The efficiency of a steam turbine is defined as the ratio of the turbine’s useful output energy to the energy delivered. The steam turbine is not completely efficient due to energy loss in the form of heat or friction.
A steam turbine’s efficiency is determined by a number of factors, including thermodynamic (temperature and steam pressure) and hydraulic (inlet fluid velocity) parameters, guide vanes angle, rotor blades angle, and rotor diameter.
Multistage (moderate to high-pressure ratio) steam turbine thermodynamic efficiency ranges from 65 percent for very small (under 1,000 kW) units to more than 90 percent for large industrial and utility-sized units. Small, single-stage steam turbines can have an efficiency as low as 40%.
The steam turbine is a type of turbine that converts the potential energy of heated and compressed steam generated in a steam generator or steam from natural sources such as geothermal sources into kinetic energy via steam expansion in the turbine blades and, as a result, mechanical work on the rotating shaft. The power transfer between the steam and the rows of rotary blades mounted on the turbine rotor alters the total steam enthalpy.
The steam turbine is a component of stationary and portable steam turbine power plants. In addition to turbine units, power plants have boilers that generate steam, steam condensers, and other equipment.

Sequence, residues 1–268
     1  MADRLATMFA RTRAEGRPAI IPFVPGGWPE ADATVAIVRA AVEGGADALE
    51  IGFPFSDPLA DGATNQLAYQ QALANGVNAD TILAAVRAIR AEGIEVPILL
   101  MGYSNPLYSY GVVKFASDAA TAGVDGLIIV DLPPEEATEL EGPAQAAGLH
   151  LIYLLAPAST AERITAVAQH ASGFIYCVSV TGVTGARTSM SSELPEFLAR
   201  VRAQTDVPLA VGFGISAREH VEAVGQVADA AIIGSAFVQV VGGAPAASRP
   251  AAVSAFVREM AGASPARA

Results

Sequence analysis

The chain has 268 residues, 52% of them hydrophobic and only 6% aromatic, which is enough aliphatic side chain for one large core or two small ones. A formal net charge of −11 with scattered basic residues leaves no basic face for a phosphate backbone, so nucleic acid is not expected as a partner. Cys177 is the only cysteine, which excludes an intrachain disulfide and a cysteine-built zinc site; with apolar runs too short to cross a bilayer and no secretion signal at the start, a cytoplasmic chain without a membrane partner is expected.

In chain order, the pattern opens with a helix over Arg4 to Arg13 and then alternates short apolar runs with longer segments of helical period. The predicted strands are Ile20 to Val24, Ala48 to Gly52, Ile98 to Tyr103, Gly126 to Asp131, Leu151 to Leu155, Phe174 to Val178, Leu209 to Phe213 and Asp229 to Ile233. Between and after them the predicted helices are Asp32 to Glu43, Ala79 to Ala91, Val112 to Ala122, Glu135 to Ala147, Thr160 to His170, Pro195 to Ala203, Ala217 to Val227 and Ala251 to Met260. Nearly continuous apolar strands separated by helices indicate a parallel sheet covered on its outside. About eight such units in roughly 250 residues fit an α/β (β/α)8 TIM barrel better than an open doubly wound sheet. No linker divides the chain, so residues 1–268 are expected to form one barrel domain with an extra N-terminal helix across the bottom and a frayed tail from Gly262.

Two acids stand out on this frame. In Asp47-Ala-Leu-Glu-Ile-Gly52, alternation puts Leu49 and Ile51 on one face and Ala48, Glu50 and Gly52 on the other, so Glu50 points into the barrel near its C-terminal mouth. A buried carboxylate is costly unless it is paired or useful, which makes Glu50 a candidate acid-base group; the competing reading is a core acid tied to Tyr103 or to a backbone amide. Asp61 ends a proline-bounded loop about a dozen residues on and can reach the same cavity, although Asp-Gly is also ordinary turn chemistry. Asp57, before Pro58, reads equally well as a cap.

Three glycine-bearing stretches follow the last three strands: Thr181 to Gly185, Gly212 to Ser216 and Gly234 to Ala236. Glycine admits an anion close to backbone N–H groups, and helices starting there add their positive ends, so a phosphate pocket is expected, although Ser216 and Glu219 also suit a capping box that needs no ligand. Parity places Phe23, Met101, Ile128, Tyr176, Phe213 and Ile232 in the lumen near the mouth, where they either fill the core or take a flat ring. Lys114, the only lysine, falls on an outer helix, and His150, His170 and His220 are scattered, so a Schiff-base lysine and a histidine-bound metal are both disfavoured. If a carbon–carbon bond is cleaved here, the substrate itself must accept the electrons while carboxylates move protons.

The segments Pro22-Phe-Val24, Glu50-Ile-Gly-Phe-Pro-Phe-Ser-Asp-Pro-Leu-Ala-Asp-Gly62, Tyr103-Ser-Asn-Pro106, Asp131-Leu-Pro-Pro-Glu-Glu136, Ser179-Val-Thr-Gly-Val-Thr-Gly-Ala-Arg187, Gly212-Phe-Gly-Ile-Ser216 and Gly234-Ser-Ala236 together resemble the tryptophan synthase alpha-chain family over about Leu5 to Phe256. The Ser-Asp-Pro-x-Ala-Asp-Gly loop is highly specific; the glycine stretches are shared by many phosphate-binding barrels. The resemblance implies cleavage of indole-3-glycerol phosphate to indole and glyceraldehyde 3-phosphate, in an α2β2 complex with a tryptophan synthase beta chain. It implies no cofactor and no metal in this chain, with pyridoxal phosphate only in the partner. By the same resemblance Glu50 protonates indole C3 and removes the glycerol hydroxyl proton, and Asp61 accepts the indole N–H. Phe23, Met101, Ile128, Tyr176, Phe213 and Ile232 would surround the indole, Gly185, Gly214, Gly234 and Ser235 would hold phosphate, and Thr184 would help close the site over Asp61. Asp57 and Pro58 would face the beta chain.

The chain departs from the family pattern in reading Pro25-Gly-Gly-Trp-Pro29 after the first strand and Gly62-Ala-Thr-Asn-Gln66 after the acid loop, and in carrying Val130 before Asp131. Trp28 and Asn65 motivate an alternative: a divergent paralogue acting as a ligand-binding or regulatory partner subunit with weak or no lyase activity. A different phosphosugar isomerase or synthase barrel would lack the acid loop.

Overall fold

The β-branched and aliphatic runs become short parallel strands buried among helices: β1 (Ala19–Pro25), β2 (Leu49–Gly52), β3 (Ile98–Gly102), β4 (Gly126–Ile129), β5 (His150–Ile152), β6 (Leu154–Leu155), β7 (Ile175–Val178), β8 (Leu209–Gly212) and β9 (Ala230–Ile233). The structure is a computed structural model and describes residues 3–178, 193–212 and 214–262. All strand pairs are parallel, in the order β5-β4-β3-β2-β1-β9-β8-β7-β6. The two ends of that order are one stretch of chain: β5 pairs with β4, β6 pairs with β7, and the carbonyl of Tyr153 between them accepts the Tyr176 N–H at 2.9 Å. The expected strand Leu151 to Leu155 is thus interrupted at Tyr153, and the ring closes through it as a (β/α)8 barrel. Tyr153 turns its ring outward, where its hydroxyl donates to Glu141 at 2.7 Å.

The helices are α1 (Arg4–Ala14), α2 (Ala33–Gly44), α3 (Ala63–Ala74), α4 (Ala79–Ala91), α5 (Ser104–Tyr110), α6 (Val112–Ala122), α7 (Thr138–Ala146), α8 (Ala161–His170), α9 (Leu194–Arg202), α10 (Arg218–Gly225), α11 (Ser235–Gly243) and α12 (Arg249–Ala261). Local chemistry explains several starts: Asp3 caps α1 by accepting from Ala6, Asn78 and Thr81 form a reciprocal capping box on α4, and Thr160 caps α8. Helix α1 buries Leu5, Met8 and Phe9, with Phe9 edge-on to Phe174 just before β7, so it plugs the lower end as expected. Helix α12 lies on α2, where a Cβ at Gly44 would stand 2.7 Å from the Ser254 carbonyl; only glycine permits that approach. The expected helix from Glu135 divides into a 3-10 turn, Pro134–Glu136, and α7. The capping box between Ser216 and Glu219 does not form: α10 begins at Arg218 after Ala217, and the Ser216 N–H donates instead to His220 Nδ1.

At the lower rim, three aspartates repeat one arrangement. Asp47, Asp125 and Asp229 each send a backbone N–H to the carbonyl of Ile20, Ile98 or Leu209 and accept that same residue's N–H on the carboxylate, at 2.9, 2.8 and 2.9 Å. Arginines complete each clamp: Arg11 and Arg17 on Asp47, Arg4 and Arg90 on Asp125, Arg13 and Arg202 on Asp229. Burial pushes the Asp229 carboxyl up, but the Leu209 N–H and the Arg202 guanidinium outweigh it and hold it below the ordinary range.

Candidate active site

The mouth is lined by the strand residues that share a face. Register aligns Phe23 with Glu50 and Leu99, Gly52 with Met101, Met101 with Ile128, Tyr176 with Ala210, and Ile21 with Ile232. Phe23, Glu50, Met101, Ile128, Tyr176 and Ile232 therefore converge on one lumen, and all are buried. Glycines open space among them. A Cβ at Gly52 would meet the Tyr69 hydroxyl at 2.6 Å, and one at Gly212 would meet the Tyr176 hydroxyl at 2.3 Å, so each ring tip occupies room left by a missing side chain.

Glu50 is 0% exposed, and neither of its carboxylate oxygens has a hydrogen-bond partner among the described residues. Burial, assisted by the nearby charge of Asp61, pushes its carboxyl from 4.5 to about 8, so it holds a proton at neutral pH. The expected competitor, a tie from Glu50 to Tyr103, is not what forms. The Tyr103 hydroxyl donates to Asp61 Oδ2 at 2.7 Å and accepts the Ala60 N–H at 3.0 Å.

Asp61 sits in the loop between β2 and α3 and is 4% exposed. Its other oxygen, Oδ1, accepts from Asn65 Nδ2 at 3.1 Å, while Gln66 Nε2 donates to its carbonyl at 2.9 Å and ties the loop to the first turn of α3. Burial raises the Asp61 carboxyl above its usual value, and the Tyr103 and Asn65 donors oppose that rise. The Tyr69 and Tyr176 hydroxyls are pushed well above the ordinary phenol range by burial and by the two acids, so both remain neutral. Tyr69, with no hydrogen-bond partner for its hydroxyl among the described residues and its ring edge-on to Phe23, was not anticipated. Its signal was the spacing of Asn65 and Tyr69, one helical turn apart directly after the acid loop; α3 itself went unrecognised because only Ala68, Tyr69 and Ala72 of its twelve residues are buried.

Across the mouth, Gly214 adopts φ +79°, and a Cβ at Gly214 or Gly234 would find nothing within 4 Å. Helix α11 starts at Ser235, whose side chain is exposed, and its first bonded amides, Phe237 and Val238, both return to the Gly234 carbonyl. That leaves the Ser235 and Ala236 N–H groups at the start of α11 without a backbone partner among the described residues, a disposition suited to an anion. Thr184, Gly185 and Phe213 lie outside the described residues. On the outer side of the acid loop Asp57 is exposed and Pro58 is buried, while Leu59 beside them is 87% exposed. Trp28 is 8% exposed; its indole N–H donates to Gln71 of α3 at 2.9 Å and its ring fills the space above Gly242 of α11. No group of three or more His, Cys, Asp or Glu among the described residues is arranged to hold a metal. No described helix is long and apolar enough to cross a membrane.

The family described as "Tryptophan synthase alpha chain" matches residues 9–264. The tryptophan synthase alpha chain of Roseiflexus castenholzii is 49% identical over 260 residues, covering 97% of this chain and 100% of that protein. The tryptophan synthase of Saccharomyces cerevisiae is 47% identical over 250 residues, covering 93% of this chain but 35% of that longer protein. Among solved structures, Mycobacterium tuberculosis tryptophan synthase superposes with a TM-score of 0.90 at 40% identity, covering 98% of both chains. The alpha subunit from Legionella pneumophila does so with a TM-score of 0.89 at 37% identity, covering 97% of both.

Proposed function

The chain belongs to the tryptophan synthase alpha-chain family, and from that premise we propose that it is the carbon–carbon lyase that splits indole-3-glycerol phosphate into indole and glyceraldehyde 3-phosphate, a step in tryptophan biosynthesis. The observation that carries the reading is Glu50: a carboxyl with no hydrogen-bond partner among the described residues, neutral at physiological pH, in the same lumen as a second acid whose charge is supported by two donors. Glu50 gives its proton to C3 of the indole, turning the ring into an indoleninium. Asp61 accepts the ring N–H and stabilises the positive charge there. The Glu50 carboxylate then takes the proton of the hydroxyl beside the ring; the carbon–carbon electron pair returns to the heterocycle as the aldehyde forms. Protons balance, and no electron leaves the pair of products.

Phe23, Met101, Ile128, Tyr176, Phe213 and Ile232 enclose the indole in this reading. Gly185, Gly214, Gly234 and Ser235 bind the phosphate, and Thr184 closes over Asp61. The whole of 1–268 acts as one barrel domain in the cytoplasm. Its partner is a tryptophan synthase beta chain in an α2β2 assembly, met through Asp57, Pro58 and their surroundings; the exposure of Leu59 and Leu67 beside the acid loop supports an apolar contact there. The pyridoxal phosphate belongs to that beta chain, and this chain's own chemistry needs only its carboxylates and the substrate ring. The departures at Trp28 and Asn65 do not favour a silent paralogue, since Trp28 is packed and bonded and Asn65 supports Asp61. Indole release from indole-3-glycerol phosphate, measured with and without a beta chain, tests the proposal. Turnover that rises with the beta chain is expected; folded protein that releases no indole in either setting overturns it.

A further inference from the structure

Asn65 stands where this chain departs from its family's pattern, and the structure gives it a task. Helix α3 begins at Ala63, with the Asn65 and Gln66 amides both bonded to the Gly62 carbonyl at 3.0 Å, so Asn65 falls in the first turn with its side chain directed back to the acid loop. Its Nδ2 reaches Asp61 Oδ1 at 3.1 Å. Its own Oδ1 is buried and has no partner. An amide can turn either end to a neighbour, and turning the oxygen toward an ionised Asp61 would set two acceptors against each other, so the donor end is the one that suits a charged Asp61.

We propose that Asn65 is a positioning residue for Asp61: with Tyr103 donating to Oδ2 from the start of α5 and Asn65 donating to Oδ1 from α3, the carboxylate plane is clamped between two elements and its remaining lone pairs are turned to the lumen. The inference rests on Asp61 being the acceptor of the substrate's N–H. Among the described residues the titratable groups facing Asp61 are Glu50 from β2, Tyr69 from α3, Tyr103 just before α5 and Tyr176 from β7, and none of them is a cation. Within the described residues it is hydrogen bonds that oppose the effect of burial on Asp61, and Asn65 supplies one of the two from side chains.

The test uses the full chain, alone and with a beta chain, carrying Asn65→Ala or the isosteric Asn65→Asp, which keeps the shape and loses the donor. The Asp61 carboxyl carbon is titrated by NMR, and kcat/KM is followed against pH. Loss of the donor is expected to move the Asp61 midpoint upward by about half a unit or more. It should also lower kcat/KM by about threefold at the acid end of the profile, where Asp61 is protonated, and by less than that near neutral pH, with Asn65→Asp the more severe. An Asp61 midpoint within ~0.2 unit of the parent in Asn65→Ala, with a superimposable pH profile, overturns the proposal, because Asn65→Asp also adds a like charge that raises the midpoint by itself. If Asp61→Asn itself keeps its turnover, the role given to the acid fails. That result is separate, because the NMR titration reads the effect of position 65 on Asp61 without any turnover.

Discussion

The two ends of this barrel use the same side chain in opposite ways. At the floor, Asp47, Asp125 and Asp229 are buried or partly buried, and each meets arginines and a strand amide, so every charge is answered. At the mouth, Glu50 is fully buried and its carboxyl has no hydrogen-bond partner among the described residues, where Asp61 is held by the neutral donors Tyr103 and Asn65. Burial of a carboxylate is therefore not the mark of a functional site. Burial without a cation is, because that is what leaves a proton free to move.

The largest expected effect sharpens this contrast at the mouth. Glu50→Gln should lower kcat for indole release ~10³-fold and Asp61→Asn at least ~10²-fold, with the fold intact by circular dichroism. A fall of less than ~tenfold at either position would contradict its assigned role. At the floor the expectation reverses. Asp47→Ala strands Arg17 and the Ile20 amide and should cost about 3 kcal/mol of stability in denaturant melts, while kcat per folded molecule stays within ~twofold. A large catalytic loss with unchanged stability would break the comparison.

Why Is Steam Turbine Efficiency So Low?
The total Steam Turbine Efficiency is fairly low (around 29%) due to two factors. For starters, a significant amount of heat is lost in the condenser, and other heat losses occur throughout the plant. Heat loss in the condenser cannot be avoided.
Which Is More Efficient Gas or Steam Turbine?
Because of its simple design, the steam turbine is easier to maintain. In the case of industrial steam turbines, a steam turbine can achieve up to 90% efficiency, and sometimes even more. As a result, in most applications, steam turbines are the most efficient.
Principle of Operation
An ideal steam turbine should go through an isentropic process, or one with constant entropy. As a result, the entering steam entropy equals the left steam entropy during this process. However, there is no isentropic steam turbine, as predicted. Steam turbine isentropic efficiencies typically range from 20% to 90%, depending on the turbine’s application.
A steam turbine’s interior contains several sets of blades. A set of stationary blades is attached to the casing, while another set of rotary blades is attached to the shaft. These sets are designed and the clearances are determined so that the turbine can make the best use of the steam expansion.
Practical steam turbine thermal efficiency varies with turbine capacity, load, and physical losses. It can reach values of up to 50% in a 1200 MW turbine; as the turbine size decreases, the efficiency decreases.
The steam turbine structure is divided into stages to maximize turbine efficiency. The energy is extracted at each stage, and they are known as impulse or reaction turbines. The majority of steam turbines use a combination of impulse and reaction designs. Although each stage operates as either one or the other, the entire turbine makes use of both. Lower pressure parts are typically reaction turbines, while higher pressure stages are impulse turbines.